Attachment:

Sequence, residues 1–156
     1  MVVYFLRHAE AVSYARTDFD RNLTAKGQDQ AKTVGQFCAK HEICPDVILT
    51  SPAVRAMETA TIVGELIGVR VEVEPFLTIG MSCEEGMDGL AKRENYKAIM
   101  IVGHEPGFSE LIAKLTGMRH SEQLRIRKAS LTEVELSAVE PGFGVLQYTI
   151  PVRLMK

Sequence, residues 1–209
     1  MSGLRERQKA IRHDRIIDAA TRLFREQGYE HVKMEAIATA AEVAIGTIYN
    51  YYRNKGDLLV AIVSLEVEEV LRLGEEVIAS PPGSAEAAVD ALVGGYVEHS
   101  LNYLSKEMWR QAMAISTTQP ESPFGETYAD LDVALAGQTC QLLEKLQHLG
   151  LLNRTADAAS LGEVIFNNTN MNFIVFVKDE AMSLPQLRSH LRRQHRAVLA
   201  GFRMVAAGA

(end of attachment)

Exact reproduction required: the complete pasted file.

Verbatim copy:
Sequence, residues 1–156
     1  MVVYFLRHAE AVSYARTDFD RNLTAKGQDQ AKTVGQFCAK HEICPDVILT
    51  SPAVRAMETA TIVGELIGVR VEVEPFLTIG MSCEEGMDGL AKRENYKAIM
   101  IVGHEPGFSE LIAKLTGMRH SEQLRIRKAS LTEVELSAVE PGFGVLQYTI
   151  PVRLMK

Sequence, residues 1–209
     1  MSGLRERQKA IRHDRIIDAA TRLFREQGYE HVKMEAIATA AEVAIGTIYN
    51  YYRNKGDLLV AIVSLEVEEV LRLGEEVIAS PPGSAEAAVD ALVGGYVEHS
   101  LNYLSKEMWR QAMAISTTQP ESPFGETYAD LDVALAGQTC QLLEKLQHLG
   151  LLNRTADAAS LGEVIFNNTN MNFIVFVKDE AMSLPQLRSH LRRQHRAVLA
   201  GFRMVAAGA